Quantification of Volatile Metabolites Derived From Garlic (Allium sativum) in Human Urine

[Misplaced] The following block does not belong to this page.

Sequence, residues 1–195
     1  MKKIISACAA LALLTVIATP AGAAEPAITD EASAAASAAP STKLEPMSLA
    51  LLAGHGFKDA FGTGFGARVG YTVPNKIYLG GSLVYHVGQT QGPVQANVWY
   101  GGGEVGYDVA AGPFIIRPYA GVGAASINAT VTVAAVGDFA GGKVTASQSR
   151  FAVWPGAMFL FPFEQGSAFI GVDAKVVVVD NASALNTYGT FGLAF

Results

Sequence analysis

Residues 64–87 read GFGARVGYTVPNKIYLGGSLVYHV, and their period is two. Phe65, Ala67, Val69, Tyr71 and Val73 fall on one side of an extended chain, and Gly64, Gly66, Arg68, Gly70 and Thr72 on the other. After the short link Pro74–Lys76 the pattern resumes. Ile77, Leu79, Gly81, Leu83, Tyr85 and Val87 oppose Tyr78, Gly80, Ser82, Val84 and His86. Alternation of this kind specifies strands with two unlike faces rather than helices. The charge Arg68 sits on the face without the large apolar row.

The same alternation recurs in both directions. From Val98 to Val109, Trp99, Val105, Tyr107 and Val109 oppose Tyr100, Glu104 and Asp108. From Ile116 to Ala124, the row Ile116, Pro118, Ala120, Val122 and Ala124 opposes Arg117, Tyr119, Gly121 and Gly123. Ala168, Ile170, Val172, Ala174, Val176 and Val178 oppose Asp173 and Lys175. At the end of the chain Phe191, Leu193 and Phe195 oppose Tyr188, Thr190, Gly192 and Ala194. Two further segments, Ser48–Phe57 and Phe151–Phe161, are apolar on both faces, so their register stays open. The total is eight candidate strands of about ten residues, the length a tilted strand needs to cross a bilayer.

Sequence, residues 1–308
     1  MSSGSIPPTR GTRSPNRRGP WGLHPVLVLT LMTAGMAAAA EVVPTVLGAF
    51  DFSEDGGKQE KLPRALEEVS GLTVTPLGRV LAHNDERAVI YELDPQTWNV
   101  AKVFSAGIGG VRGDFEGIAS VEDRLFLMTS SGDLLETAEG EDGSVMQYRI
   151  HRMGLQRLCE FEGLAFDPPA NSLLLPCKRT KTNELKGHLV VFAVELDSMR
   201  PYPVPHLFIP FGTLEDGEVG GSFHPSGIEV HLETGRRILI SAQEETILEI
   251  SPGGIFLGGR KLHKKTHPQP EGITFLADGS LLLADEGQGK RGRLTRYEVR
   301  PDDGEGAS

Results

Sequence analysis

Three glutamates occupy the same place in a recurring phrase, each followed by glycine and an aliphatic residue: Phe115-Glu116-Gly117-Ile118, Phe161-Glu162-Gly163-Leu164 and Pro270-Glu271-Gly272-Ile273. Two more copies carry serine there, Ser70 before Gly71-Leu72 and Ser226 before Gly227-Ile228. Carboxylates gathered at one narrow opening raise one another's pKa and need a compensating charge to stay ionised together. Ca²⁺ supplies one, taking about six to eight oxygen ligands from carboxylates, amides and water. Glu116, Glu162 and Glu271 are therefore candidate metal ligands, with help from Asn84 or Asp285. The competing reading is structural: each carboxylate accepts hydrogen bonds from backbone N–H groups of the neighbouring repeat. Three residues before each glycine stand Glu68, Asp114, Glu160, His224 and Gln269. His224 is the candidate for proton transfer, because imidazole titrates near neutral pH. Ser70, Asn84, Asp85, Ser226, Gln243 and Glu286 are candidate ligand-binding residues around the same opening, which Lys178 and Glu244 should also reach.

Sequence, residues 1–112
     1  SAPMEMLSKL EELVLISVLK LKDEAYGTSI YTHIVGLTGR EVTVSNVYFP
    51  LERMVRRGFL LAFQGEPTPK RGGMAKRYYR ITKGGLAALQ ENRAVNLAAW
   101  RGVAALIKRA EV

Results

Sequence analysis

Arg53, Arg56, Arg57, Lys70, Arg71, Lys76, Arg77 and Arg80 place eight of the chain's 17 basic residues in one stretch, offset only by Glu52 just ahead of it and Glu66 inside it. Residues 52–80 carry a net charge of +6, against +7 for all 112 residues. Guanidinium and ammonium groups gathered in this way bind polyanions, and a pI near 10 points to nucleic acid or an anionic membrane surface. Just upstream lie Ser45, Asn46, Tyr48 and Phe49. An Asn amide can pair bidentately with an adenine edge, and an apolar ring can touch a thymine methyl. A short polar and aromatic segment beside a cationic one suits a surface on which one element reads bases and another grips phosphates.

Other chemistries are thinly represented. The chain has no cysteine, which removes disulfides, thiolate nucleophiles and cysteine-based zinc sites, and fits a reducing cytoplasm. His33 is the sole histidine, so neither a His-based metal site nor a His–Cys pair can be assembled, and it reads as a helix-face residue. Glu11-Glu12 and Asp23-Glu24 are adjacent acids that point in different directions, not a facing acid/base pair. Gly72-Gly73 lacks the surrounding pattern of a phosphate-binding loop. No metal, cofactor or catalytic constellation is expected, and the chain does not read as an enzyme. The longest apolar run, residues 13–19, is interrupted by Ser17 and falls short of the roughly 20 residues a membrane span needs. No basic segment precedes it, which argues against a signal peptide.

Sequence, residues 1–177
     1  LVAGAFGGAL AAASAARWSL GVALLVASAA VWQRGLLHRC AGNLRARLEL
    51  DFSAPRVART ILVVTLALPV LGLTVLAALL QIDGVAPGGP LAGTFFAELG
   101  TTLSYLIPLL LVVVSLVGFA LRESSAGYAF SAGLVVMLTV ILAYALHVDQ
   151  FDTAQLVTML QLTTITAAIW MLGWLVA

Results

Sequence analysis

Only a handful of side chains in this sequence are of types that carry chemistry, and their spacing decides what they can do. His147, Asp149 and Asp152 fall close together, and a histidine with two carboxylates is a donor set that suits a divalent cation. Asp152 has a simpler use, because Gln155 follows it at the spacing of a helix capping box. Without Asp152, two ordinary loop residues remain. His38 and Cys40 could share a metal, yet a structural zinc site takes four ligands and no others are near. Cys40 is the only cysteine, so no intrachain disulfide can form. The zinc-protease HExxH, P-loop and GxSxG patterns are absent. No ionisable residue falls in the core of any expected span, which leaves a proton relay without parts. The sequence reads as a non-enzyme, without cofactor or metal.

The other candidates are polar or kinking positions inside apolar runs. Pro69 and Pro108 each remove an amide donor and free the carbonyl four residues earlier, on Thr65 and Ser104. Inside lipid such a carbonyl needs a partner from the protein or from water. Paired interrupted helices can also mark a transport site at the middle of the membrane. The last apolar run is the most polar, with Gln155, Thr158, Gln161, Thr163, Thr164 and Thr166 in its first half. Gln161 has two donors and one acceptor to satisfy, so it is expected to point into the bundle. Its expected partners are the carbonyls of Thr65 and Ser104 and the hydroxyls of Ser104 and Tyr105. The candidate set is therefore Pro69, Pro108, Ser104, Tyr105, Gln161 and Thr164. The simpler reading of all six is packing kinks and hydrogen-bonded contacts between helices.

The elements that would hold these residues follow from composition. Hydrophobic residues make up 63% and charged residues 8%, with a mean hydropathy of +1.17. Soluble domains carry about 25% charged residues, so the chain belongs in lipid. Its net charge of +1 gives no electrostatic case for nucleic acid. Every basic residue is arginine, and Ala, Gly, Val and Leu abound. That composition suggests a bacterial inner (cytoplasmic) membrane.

The consumption of garlic (Allium sativum) is widely known to (negatively) impact body odor, in particular breath and sweat, but also urine. Despite this common phenomenon, the underlying processes in the body that lead to the malodor are not yet fully understood. In previous studies we identified three volatile garlic-derived metabolites in human milk and urine, namely allyl methyl sulfide (AMS), allyl methyl sulfoxide (AMSO), and allyl methyl sulfone (AMSO2). In the present study, we monitored the excretion processes of these metabolites via human urine after consumption of garlic over time, whereby 19 sets of eight urine samples (one sample pre-ingestion and seven samples post-ingestion) were analyzed using two-dimensional high resolution gas chromatography-mass spectrometry/olfactometry (HRGC-GC-MS/O). The highest concentrations of these metabolites were detected in urine ~1–2 h after garlic ingestion, with a second increase observed after 6–8 h in the urine of some participants. Moreover, the highest observed concentrations differed between the individual participants or test series by up to one order of magnitude.